School of Earth, Environmental, and Marine Sciences Faculty Publications and Presentations

Document Type


Publication Date



The shells of pecans are a rich source of bioactive compounds with potential inhibitory activity against various pathogenic microorganisms. This study investigated the antimicrobial activity of pecan shell extracts as effected by the type of cultivar and the method of extraction against various foodborne bacterial pathogens. Defatted shell powders of 19 different pecan cultivars were subjected to aqueous and ethanolic extraction (1:20 w/v) procedures, respectively. The minimum inhibitory concentration (MIC) and minimum bactericidal concentration (MBC) of lyophilized pecan shell extracts dissolved in deionized water containing 5% DMSO (v/v) were determined against multiple strains of Listeria monocytogenes, Salmonella enterica, and Escherichia coli O157:H7. The antimicrobial activity of pecan shell extracts was found to be pathogen specific and strain dependent. Overall, L. monocytogenes was found to be least resistant to treatment with pecan shell extracts with an MIC and/or MBC values ranging from 1.25 to 5 mg/mL followed by Salmonella enterica (2.5 to ≥5 mg/mL) and E. coli O157:H7 (≥5 mg/mL). Type of cultivar and the method of extraction found to have a variable effect on the antimicrobial activity. Furthermore, the challenge studies on fresh-cut cantaloupes and thawed catfish fillets treated with 5 mg/mL pecan shell extracts and stored at 4 °C for up to 5 days showed aL. monocytogenes when compared to the controls with no treatment. No significant change in the color quality of treated food samples was observed with pecan shell extract treatment. The results of this study showed promise to use pecan shell extracts as a natural antimicrobial agent to inhibit the growth of tested foodborne bacterial pathogens.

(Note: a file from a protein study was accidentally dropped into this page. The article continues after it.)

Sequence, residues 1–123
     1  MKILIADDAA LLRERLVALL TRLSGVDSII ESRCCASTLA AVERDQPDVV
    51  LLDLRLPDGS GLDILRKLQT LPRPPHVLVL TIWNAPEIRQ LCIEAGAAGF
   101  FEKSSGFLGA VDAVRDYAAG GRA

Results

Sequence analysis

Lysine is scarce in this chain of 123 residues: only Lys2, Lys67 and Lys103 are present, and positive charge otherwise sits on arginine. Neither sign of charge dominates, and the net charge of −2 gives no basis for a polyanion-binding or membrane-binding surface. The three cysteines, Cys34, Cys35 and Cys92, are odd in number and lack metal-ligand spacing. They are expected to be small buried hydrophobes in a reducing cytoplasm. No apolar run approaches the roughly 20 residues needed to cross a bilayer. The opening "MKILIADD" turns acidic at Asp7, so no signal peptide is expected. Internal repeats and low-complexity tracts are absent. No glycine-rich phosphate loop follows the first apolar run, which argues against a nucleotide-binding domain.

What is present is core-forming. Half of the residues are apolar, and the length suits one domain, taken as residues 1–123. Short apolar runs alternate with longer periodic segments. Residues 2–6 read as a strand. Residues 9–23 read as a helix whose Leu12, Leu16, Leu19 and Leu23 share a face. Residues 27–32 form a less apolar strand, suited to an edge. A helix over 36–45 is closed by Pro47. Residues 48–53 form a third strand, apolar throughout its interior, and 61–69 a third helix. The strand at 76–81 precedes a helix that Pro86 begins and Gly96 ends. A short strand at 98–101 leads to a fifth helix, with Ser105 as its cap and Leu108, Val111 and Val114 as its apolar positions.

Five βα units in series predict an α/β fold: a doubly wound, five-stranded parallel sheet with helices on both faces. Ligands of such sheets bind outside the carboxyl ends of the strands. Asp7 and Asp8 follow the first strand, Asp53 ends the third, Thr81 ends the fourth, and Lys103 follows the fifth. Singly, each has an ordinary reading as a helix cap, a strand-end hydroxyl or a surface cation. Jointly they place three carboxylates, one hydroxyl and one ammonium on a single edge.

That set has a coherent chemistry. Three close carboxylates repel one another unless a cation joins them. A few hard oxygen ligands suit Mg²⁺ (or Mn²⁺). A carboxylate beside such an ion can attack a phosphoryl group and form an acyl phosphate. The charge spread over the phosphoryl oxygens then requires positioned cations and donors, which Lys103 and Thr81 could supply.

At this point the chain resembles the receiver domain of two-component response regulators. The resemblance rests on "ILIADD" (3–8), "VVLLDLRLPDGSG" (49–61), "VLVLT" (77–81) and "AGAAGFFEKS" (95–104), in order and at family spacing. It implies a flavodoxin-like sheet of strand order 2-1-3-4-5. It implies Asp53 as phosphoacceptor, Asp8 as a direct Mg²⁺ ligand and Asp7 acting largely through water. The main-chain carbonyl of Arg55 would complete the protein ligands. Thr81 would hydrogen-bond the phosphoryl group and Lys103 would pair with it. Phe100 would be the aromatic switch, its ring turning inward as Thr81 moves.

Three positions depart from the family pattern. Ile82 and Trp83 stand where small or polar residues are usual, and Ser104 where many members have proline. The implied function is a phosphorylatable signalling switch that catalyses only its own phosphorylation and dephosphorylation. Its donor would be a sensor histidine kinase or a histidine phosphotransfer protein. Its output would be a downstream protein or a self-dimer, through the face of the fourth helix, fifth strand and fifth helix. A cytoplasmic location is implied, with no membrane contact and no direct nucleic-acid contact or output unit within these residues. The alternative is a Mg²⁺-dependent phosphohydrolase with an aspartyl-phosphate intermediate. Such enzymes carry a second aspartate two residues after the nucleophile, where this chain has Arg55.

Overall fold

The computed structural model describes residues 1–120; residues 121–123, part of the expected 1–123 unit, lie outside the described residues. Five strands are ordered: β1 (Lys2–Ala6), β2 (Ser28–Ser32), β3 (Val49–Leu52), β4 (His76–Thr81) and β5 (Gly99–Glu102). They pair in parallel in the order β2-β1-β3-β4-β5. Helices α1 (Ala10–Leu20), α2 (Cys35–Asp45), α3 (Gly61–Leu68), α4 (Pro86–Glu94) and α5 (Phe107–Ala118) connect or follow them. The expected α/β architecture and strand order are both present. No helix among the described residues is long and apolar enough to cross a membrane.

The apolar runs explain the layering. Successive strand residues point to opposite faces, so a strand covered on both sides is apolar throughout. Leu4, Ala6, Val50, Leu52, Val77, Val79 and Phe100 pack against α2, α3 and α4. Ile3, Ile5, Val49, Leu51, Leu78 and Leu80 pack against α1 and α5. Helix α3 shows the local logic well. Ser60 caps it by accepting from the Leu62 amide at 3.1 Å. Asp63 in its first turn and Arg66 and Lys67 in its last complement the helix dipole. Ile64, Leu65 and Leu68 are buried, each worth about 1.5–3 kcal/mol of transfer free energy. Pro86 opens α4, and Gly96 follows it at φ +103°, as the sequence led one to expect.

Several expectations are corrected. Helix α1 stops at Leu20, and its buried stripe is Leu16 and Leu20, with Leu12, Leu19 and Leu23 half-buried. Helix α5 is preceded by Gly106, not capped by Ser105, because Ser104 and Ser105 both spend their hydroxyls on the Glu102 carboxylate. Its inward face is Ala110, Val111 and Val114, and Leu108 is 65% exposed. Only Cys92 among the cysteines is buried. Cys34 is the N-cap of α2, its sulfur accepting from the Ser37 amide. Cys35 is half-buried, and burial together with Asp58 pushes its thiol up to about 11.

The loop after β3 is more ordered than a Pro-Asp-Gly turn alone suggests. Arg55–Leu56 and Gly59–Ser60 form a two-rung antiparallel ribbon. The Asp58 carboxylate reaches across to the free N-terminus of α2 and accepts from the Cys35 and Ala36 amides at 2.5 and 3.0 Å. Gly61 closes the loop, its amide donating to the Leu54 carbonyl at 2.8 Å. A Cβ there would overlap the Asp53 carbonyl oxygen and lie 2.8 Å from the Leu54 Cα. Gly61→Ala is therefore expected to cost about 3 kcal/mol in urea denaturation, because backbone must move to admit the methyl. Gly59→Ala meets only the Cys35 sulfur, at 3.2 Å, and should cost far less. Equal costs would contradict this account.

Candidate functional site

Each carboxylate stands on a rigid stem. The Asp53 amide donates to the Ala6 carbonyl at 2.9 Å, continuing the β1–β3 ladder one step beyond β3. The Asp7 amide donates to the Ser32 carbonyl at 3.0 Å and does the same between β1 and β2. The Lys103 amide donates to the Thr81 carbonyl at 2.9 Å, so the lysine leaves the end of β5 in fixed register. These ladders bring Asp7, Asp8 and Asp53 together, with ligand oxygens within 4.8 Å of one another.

Original published version available at

Publication Title

Food Control





To view the content in your browser, please download Adobe Reader or, alternately,
you may Download the file to your hard drive.

NOTE: The latest versions of Adobe Reader do not support viewing PDF files within Firefox on Mac OS and if you are using a modern (Intel) Mac, there is no official plugin for viewing PDF files within the browser window.